Prompted by a new piece by Eboo Patel who tends to make mostly correct statements in ridiculously short postings in his portion of the great Washington Post On Faith blog (a treasure trove)on Islamofascism awareness week, this. First the quick definition of the wiki entry
Islamofascism is a controversial neologism suggesting an association of the ideological or operational characteristics of certain modern Islamist movements with European fascist movements of the early 20th century, neofascist movements, or totalitarianism.
The word is included in the New Oxford American Dictionary, defining it as “a controversial term equating some modern Islamic movements with the European fascist movements of the early twentieth century”. Critics of the term argue that associating the religion of Islam with fascism is offensive and inaccurate.
Second the relevant portion of Patels text
What would you think if I told you every high school kid in baggy pants was a drug dealer?
Or every woman wearing lipstick was a prostitute?
How about that every black man on the street was getting ready to rob you?
Or every Italian guy was a mobster?
Then you should be equally offended by IslamoFascism Awareness Week because it employs the same twisted logic as the revolting statements above and its objective is equally ugly: every time you see a Muslim, the organizers of IslamoFascism Awareness Week want you to think “terrorist”.
One of the founding fathers of my country, Thomas Jefferson, had enough respect for Islam and Muslims that he owned a copy of the Qur’an. Another one of my founding fathers, Benjamin Franklin, declared that the pulpit of a hall he helped build in Philadelphia would be open to a Muslim preacher.
The America that I love faces real threats from terrorists. Too many of those terrorists call themselves Muslims. Victory requires that we focus like a laser beam on these enemies.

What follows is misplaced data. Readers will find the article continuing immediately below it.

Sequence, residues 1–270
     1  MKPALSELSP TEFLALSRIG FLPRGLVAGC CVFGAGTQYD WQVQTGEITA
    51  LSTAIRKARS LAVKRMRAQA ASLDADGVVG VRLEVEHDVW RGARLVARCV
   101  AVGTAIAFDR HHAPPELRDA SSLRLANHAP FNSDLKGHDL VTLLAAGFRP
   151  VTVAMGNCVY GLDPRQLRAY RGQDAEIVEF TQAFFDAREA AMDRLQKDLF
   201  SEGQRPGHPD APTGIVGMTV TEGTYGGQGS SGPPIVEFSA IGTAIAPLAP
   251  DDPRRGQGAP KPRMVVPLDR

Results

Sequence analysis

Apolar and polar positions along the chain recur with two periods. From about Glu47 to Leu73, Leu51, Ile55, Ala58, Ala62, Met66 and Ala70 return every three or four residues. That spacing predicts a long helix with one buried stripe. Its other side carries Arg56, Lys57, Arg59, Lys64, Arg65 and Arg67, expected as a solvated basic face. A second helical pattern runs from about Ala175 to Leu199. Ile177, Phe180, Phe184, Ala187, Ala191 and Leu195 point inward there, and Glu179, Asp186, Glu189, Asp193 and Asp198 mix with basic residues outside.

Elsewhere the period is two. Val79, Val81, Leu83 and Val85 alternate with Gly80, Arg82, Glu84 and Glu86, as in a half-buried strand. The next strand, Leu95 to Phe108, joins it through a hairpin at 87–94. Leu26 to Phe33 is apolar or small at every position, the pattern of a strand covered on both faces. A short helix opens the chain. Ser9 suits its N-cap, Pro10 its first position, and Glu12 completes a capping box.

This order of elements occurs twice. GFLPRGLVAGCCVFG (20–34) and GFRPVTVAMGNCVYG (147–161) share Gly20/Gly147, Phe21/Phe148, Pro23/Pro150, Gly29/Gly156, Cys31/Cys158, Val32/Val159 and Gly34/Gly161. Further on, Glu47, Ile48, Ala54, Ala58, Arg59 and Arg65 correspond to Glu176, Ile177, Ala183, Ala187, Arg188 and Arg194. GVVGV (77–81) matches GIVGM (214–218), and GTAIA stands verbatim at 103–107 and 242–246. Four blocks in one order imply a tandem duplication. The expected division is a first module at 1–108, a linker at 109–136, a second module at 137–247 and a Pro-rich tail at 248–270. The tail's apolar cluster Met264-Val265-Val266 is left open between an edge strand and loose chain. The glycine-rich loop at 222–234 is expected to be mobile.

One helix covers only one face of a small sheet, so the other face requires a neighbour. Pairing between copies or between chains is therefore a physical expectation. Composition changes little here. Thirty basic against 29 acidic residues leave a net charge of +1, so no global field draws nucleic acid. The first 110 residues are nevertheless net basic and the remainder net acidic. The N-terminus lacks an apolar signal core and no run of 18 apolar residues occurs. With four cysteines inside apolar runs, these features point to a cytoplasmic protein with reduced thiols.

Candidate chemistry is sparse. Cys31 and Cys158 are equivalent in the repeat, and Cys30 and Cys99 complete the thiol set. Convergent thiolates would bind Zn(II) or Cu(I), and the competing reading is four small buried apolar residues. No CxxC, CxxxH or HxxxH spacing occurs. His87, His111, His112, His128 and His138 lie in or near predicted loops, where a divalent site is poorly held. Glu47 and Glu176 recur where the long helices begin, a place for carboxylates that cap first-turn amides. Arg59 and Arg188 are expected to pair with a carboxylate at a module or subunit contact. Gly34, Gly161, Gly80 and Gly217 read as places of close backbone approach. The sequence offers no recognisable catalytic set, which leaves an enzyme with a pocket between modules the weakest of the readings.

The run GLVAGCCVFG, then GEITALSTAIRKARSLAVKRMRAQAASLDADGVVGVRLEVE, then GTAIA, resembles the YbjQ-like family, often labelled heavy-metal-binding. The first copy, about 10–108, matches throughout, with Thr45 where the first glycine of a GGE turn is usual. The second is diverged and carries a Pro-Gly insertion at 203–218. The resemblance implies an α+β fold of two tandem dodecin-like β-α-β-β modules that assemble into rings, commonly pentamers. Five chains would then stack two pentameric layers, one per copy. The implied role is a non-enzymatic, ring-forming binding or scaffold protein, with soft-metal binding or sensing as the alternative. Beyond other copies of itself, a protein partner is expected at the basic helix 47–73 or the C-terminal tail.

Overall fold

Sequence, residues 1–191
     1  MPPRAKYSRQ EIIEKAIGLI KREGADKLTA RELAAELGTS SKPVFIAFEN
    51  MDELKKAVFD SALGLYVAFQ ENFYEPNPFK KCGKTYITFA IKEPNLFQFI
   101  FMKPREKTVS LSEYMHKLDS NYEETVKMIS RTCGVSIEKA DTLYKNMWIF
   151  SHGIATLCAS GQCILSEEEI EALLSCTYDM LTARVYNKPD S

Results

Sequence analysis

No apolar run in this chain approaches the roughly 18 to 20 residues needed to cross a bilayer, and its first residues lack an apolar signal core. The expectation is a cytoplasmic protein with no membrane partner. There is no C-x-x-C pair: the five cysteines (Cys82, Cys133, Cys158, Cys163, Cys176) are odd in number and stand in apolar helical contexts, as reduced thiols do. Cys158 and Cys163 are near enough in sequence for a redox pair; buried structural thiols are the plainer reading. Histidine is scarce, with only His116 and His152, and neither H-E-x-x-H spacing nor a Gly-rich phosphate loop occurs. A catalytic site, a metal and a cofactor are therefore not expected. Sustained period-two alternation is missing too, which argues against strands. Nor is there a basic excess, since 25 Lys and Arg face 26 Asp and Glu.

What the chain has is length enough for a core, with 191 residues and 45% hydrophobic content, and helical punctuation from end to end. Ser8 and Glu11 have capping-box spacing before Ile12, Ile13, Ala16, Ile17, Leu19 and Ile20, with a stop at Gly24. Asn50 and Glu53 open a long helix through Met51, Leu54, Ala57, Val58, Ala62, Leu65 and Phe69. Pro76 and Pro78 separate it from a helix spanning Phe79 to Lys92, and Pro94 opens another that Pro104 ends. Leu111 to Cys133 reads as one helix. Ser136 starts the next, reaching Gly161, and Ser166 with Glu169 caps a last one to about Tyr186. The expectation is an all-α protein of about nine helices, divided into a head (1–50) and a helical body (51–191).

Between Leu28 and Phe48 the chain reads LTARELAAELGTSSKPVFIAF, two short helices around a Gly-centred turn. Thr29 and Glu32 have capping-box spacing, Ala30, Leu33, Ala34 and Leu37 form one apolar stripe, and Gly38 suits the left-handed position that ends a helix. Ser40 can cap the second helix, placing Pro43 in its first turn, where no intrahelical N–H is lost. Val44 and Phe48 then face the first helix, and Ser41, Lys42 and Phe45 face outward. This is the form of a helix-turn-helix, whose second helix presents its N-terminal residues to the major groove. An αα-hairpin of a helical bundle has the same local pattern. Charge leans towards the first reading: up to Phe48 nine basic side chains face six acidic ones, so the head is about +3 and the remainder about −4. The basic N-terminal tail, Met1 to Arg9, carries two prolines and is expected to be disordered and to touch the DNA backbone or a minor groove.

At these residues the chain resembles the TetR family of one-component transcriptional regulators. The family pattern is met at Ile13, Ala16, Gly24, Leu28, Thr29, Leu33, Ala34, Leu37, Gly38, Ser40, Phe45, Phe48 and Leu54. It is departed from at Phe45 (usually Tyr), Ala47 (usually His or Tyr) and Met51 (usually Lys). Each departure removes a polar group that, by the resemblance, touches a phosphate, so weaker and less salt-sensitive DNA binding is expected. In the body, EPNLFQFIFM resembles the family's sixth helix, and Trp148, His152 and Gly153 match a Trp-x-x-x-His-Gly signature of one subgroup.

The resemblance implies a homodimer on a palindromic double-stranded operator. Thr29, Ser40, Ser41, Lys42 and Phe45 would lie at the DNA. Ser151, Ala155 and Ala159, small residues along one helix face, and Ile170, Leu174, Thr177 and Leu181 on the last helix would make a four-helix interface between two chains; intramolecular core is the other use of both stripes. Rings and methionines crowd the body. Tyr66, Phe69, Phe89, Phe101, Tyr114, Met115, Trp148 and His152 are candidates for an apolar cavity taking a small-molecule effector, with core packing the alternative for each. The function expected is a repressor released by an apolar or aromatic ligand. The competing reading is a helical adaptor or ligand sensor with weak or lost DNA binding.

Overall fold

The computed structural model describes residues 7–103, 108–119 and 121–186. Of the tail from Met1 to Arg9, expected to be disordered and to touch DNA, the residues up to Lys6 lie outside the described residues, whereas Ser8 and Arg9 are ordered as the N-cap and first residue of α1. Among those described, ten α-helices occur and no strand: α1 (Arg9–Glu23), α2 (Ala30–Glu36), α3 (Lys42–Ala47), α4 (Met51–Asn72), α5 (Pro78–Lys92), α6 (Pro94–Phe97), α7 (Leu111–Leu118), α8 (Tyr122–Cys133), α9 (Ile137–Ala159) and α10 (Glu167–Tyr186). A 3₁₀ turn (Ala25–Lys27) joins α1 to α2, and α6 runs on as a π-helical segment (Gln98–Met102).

Third, here’s a link to a good article against Islamofascism Awareness Week.
Finally, as the warped idea of Islamofascism seems to take hold mostly in the poor minds of those who think that nowadays it’s valid to equate Islam with Islamism I recommend READING. Books would help but they are often difficult to come by in dumbland, so the Internet can be of help as well. Daniel Pipes in particular, who has defended highly questionable ideas such as racial profiling, offers nice bits of counterargument against embracing the benighted idea of islam=islamism.
For instance here
“Moderate Unicorns,” huffed a reader, responding to my recent plea that Western states bolster moderate Muslims. Dismissing their existence as a myth, he notes that non-Muslims “are still waiting for moderates to stand and deliver, identifying and removing extremist thugs from their mosques and their communities.”
It’s a valid skepticism and a reasonable demand. Recent events in Pakistan and Turkey, however, prove that moderate Muslims are no myth.
In Pakistan, an estimated 100,000 people demonstrated on April 15 in Karachi, the country’s largest city, to protest the plans of a powerful mosque in Islamabad, the Lal Masjid, to establish a parallel court system based on Islamic law, the Shari‘a. “No to extremism,” roared the crowd. “We will strongly resist religious terrorism and religious extremism,” exhorted Altaf Hussain, leader of the Mutahida Qaumi Movement, at the rally.
Also, for those who can read french, it’s an option to consider Mohamed Sifaoui, writer, journalist, muslim and declared secularist who writes books against forms of radical Islam, who fought for Charlie Hebdo’s right to print the damn caricatures (I still think printing them in Germany was unconstitutional but well, trust German courts to uphold the flag of whiteness, er, free speech), but who’s a rather stupid man, well that doesn’t change much, does it.
Today, in a lucid review of The Long Struggle Against Islamofascism by Norman Podhoretz, Kakutani (whom I tend to criticise from time to time) wrote something which, as does Mr. Podhoretz’ book, relates to this posting’s topic
For that matter, Mr. Podhoretz lumps together Muslims opposed to the United States, a “two-headed beast” of “Islamofascism,” whose objective he says is “to murder as many of us as possible” and destroy “the freedoms we cherish and for which America stands.” Such characterizations not only try to draw parallels between radical Muslims and the Nazis, but also gloss over the many schisms and conflicts within Islam that have pitted Shiites against Sunnis, Iranians against Iraqis, religious fundamentalists against more secular Baathists.